Saturday, December 18, 2010

Tron: Legacy Review

Back in 1982, Tron was a trippy sci-fi movie with state of the art computer graphic special effects. And while it was innovative and dealt with themes of religion and existentialism, the movie was hampered by goofy technobable and cute characters like Bit who was obviously inspired by Star Wars' R2D2. As time wore on, Tron became a cult classic.

Now in 2010, Disney has released a sequel to Tron, Tron: Legacy. Jeff Bridges reprises his role as Kevin Flynn. At the beginning of the movie, we see a flashback where Kevin Flynn is telling his young son, Sam, the story of Tron and a world of a unique existence in a mainframe of a computer. Kevin disappears and leaves his young son, his controlling stake in the software company, Encom. Later as an adult, Sam (Garrett Hedlund) breaks into his Encom and releases software that the company hoped to make a large profit on into the Internet for free.

Later, Sam's defacto father and friend of Kevin, Alan Bradley (Bruce Boxleitner) tells Sam that he has received a page from Kevin's old arcade. Sam investigates and finds a secret compartment which has laser. He inadvertently activates the laser and is digitized into the world of the Tron (also Boxleitner). Sam is immediately forced into gladiator games run by Kevin's alter ego-computer program Clu. Its purpose as programmed by Kevin is to seek perfection among the programs inhabiting the mainframe. Unfortunately, Clu. has a megalomaniac complex. As Sam is about to get killed in a light cycle fight, Quorra (Olivia Wilde) saves him and take him to his real father, Kevin. (Jeff Bridges) At Kevin's hideout, Sam decides to escape and try to shut down Clu from the real world.

When you watch Tron: Legacy in 3-D, the first thing that Disney tells you is that parts of it were filmed in 2D and some were shot in native 3-D. Why the honesty? I don't know but maybe it's to acknowledge the backlash against 3-D conversions. The film itself benefits from shooting in native 3-D as the special effects take full advantage of the medium. Broken pieces of programs look like glass flying at your face. Unfortunately, I had trouble focusing on the edges of the screen and had to keep my head centered. And with all 3-D films, the picture was still too dark. This was made even worse by the color palette which was black. Yet, I'm grateful for the native 3-D because the film had a cleaner look. So, should you spend the extra bucks for 3-D? No. I'm not as mad as I was when watching "The Last Airbender" (2010) but the 3-D doesn't do a whole lot for the film.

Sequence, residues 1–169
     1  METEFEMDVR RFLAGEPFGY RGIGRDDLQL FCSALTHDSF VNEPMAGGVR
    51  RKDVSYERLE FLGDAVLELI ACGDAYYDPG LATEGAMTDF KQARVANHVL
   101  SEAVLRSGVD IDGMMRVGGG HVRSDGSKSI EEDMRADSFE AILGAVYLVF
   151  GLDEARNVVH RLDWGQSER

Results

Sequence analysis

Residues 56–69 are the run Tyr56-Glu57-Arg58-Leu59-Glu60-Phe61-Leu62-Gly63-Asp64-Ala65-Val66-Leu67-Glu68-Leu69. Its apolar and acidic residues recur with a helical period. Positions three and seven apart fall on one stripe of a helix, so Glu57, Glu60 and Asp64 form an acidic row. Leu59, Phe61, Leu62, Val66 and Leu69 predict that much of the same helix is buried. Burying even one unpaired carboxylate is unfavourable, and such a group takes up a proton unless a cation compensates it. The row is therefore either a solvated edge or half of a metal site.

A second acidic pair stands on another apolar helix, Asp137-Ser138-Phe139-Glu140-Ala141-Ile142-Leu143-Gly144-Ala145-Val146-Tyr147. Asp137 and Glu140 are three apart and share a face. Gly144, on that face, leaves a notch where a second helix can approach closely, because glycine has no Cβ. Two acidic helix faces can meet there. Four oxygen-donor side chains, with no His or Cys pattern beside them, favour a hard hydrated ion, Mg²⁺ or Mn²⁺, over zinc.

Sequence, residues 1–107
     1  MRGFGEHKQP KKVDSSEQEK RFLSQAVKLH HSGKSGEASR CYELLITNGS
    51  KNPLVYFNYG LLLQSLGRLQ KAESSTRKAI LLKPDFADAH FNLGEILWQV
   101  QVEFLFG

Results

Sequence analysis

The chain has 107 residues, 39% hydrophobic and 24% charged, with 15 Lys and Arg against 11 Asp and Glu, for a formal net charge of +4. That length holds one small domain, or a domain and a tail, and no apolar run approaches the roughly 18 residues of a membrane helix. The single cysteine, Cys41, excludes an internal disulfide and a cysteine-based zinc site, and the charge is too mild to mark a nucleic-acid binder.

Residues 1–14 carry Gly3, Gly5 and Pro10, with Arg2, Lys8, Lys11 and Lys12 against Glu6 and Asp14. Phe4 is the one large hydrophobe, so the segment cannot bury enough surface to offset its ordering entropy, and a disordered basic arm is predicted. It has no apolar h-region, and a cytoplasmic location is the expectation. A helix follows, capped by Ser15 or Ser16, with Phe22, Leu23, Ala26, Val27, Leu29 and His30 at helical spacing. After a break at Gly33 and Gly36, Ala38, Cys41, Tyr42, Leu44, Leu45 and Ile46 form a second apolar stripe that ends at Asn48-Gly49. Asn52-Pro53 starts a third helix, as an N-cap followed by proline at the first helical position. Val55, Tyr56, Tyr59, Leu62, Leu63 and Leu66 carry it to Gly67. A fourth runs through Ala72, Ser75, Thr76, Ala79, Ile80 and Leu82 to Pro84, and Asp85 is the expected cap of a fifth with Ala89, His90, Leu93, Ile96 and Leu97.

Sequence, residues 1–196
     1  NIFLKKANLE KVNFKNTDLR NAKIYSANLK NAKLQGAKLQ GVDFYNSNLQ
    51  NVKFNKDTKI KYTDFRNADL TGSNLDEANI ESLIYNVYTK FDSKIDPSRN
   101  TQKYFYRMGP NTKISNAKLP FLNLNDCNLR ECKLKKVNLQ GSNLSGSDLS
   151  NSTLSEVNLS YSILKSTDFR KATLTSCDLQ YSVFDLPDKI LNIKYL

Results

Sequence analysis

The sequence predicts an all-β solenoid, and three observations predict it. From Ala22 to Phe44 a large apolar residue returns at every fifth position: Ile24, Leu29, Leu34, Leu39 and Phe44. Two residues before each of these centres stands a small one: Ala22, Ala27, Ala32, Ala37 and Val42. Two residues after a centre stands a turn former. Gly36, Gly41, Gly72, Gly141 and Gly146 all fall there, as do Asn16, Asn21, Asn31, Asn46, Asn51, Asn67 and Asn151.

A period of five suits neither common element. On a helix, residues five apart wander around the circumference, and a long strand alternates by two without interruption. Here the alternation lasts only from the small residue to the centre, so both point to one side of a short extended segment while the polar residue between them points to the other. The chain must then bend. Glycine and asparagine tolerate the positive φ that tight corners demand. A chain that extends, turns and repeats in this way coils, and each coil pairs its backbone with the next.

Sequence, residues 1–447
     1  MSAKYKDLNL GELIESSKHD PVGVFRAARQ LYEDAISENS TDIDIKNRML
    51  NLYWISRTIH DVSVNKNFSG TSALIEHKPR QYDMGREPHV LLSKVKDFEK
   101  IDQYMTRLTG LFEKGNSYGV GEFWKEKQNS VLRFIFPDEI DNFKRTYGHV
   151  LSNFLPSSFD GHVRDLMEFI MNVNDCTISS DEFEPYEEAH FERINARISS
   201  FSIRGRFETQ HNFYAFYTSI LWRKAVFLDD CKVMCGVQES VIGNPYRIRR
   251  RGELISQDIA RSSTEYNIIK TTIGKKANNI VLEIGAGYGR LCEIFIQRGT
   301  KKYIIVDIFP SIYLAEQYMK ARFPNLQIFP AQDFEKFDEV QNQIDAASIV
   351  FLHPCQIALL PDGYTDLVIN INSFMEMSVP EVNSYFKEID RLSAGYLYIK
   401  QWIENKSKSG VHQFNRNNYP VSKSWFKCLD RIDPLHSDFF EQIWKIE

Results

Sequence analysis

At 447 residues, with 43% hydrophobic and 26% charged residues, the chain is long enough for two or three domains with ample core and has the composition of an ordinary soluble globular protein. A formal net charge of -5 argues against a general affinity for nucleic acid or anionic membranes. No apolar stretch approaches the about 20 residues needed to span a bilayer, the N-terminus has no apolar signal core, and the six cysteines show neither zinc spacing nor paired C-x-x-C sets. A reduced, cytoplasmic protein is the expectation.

And speaking of special effects, they are spectacular. The filmmakers didn't break away from the first Tron as far as art design. The light cycle races were cool. There's also a light jet chase that's as good as anything in Star Wars. Then there's the de-aging of Jeff Bridges by CGI. It's seamless and revolutionary.

The acting is also very good. Jeff Bridges reprises his Kevin Flynn role and channels his inner "Dude" from The Big Lebowski for comic relief. (1998) Bruce Boxleitner hasn't missed a step as Alan. Whereas, Garrett Hedlund plays Sam in a realistic and understated manner. That could not be said for Michael Sheen as Castor. I'm guessing he got tired of playing Tony Blair (The Queen) because he goes to town as the flamboyant club owner, Castor. Olivia Wilde conveys Quorra's ingenue with grace and beauty.

Joseph Kosinki's direction is detailed and skillful. Here, the story comes first over flashy action. The screenplay by Adam Horowitz and Edward Kitsis is smart and pays homage to the first movie without becoming parody. It has a more sophisticate approach then its predecessor. Yet, it maintains the themes of religion and existentialism. The filmmakers make the same mistake as the first one by hiring electronic music experts. This time it's Daft Punk. The soundtrack was more like musical wallpaper. Still, it didn't hurt the movie.

Tron: Legacy is intelligent and thought provoking science fiction. It's better than its predecessor. Take a journey back to the world of Tron. The grade is A.

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